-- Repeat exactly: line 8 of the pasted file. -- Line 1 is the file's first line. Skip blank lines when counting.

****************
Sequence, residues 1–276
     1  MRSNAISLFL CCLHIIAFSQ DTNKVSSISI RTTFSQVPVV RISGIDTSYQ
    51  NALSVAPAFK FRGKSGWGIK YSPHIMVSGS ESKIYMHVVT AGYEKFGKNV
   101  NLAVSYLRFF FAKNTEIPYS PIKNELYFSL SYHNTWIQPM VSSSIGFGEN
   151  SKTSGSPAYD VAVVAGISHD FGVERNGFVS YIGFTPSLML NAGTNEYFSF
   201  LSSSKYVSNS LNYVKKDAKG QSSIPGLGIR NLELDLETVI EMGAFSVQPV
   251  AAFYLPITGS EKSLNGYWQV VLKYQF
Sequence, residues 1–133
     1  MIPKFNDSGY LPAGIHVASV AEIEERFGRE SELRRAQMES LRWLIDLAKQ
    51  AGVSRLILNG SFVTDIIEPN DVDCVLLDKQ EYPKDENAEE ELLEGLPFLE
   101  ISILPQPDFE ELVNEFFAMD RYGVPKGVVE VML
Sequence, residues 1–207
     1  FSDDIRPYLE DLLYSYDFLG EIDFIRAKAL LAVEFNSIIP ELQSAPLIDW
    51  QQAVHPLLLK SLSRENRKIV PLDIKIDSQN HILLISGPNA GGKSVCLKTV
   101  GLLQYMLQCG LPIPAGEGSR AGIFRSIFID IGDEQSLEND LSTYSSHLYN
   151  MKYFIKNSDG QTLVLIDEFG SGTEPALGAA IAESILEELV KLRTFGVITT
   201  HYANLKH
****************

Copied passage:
Sequence, residues 1–133